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Peter’s story: "I’m definitely ‘living with dementia’, not ‘suffering’ from it"

Peter shares how stigma around the condition caused him to keep his diagnosis of young onset dementia a secret at first.

Peter and his wife Teresa visiting the church where they were married

Peter and his wife Teresa visiting the church where they were married.

It’s so important that we show people that being diagnosed with dementia doesn’t mean that life stops. But when I was diagnosed with young onset dementia at the age of 50, it’s fair to say I didn’t see it that way. It was such a shock that I kept my diagnosis secret for over a year.

Dealing with stigma

I know now that it was the wrong thing to do, but at the time, I was embarrassed to have this condition. I felt like a fool and was as guilty as others in thinking it was something that only affected the older generation.

At the time, my wife Teresa and I wondered: “Do we tell people? Would they look at me differently? And would my business suffer as a result if they found out about my diagnosis?” That was very difficult to deal with, especially as there can be a stigma around conditions such as dementia.

Prejudices around dementia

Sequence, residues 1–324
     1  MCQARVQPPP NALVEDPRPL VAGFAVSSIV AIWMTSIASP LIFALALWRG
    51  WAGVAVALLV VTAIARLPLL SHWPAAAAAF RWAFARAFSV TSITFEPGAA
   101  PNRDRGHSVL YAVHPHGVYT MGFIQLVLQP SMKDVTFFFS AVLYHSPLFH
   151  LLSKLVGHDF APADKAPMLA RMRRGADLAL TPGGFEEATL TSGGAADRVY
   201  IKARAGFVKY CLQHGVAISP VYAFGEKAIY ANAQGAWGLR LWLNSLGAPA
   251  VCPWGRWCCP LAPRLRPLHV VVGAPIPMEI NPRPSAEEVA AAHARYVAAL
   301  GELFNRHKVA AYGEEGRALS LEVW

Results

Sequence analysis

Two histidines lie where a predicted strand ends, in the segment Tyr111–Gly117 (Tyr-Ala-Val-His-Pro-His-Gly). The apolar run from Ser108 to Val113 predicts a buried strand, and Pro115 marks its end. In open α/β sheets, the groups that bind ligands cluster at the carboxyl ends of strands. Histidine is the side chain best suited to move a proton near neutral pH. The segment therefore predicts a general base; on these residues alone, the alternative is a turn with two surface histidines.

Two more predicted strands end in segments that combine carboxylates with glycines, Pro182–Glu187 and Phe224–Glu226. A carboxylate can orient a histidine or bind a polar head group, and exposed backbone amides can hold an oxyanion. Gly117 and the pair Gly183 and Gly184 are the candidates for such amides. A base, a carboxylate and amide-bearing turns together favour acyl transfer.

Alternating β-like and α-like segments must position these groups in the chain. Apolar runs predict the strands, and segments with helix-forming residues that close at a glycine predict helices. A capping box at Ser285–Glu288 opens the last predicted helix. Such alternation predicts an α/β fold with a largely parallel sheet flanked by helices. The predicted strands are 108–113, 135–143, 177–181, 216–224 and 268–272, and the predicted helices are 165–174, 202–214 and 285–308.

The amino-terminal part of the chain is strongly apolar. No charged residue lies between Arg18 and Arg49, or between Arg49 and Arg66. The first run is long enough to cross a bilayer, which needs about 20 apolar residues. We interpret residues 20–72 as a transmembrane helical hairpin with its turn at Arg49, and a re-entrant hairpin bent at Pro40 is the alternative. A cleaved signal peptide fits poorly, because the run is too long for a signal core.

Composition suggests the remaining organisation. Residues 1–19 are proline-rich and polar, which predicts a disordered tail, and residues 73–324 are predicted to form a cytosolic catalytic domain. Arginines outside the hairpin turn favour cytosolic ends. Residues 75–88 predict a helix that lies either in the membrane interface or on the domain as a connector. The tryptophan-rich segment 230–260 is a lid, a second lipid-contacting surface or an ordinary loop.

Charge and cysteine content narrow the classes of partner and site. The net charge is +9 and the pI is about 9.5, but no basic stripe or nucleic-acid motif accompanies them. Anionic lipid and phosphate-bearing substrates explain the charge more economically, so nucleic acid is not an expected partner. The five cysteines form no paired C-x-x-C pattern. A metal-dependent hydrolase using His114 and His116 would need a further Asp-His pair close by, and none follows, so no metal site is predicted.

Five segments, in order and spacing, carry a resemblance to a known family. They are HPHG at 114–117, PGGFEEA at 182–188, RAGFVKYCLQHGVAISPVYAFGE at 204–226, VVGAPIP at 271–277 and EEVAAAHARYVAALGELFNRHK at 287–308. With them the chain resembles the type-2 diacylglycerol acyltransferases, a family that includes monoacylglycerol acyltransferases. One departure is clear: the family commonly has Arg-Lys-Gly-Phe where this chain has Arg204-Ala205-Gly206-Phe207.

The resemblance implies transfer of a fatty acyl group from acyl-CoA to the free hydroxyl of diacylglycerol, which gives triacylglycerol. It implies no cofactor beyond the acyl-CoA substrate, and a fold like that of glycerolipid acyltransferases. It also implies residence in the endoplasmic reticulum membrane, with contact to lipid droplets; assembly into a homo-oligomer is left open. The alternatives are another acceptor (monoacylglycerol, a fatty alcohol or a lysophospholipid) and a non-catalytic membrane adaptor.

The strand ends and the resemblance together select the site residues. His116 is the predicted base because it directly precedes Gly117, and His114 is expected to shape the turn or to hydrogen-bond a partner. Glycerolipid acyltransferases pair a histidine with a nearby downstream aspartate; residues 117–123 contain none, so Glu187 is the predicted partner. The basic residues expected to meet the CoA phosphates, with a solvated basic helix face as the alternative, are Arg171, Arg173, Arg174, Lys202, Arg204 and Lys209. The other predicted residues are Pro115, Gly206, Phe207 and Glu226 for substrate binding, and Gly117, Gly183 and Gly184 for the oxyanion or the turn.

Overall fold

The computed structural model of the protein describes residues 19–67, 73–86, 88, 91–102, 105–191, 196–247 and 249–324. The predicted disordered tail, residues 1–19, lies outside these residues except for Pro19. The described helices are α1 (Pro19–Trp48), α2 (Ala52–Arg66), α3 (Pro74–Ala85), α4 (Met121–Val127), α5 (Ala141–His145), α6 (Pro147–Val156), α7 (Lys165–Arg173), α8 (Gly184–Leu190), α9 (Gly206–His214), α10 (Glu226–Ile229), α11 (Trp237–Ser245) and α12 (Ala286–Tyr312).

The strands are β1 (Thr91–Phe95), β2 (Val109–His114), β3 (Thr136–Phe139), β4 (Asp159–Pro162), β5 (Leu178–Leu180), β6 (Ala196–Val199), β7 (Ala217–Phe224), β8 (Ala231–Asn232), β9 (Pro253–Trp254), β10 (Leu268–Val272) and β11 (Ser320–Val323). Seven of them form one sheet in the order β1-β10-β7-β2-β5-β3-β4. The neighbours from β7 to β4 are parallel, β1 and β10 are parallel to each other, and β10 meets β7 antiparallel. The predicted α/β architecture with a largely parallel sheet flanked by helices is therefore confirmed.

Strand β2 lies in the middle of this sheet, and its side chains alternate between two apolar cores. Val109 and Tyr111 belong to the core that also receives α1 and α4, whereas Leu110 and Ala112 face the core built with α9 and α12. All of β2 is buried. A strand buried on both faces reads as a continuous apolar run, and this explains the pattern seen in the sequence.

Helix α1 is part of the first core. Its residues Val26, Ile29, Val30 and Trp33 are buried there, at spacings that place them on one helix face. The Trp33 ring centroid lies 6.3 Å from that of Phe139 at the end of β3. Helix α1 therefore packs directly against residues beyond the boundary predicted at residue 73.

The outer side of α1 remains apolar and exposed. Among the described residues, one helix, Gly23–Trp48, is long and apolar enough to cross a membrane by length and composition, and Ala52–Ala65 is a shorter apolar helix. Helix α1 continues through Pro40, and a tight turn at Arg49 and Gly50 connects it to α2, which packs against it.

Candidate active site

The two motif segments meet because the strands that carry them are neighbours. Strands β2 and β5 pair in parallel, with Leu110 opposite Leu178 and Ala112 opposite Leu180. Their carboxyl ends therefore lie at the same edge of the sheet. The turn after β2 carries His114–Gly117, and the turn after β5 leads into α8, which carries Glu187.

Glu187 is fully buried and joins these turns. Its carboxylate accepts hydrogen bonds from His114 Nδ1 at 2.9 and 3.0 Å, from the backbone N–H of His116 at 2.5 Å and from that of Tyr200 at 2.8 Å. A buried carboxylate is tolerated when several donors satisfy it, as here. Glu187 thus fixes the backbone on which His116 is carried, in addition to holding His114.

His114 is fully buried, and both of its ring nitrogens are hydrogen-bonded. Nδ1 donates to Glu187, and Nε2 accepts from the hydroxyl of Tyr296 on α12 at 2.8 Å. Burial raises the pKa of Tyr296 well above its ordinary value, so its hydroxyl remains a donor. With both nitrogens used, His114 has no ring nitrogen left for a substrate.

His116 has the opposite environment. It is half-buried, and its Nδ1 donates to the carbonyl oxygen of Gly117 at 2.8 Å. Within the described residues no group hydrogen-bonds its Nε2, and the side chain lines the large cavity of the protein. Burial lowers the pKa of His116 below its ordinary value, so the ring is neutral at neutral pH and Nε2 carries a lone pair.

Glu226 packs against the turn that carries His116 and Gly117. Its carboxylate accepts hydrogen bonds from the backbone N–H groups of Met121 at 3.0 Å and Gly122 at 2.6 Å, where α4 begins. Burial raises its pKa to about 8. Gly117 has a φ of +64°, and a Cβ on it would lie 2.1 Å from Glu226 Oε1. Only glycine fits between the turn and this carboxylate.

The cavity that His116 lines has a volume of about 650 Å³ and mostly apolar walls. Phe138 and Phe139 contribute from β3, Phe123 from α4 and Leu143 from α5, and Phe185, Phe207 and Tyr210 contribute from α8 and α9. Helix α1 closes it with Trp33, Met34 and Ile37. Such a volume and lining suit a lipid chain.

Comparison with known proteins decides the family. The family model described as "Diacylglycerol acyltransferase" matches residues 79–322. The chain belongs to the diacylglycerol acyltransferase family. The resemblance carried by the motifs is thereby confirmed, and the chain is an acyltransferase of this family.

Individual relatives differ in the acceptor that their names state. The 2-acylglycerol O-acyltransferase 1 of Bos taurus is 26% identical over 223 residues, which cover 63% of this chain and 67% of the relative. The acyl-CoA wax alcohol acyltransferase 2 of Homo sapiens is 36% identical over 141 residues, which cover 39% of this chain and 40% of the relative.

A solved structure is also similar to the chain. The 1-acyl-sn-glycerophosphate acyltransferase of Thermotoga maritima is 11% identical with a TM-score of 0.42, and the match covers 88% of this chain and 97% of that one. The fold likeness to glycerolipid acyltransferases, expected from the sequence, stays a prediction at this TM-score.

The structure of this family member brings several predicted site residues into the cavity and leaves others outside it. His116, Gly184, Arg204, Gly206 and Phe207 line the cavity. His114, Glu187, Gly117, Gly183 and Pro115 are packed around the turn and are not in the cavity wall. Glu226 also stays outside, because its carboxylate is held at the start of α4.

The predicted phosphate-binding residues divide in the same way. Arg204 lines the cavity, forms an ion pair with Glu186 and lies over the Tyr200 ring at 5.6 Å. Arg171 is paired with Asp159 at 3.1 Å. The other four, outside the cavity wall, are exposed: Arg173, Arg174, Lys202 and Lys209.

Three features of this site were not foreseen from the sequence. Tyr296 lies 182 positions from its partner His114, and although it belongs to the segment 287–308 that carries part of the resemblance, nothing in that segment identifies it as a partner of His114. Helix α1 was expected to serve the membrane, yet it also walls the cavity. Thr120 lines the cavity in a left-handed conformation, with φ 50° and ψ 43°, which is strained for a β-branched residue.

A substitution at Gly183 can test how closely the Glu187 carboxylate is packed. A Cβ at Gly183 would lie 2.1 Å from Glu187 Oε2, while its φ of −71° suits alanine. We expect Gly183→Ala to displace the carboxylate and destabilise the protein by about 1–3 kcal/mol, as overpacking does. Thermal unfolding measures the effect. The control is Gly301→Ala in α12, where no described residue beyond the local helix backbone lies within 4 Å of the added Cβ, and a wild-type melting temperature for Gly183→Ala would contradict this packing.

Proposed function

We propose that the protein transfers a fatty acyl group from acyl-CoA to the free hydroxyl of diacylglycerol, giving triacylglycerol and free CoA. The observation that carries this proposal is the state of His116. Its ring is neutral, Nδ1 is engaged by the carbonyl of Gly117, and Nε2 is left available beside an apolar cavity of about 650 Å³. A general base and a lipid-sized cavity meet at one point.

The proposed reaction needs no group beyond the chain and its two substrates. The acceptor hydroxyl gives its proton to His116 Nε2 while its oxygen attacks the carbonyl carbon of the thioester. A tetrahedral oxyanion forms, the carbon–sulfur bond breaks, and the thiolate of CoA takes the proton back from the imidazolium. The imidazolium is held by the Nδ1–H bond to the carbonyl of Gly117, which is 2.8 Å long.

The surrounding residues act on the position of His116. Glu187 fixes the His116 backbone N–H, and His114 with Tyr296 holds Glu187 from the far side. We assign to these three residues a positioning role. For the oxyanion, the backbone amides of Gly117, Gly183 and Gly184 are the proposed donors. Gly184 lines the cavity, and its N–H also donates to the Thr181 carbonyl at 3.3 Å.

Even now, because I don’t know what’s happening in the world – or if I do, it’s only in the broadest terms – I feel foolish and sometimes conversations can be difficult.

I don’t have a large D on my forehead and so it’s not obvious I have dementia. People will say, “You look normal,” – or even worse, they tell my wife I look normal because they are too embarrassed to tell me direct to my face.

Peter and Teresa in Great Yarmouth

Peter and Teresa in Great Yarmouth

Dementia is still seen as an old person’s condition and certainly not one that affects a man in his fifties who looks physically fit and healthy. There are all sorts of prejudices around living with dementia. People might think you’re a fraud if you are trying to claim benefits, or if you’re not working.

Living well with dementia

Since my diagnosis, cycling has become a passion of mine. I cycle most days and have done a number of cycle rides for charity. I’ve spoken at dementia events, taken part in podcasts and have even written a book which focuses on how I live in the present.

I’m hoping that by sharing my story, I’m helping to change perceptions of what life is like with dementia – I’m definitely ‘living with dementia’, not ‘suffering’ from it.

Peter was diagnosed with young onset Alzheimer’s disease in early 2015. He lives in Saxmundham, Suffolk, with his wife Teresa. You can find out more about him on his website.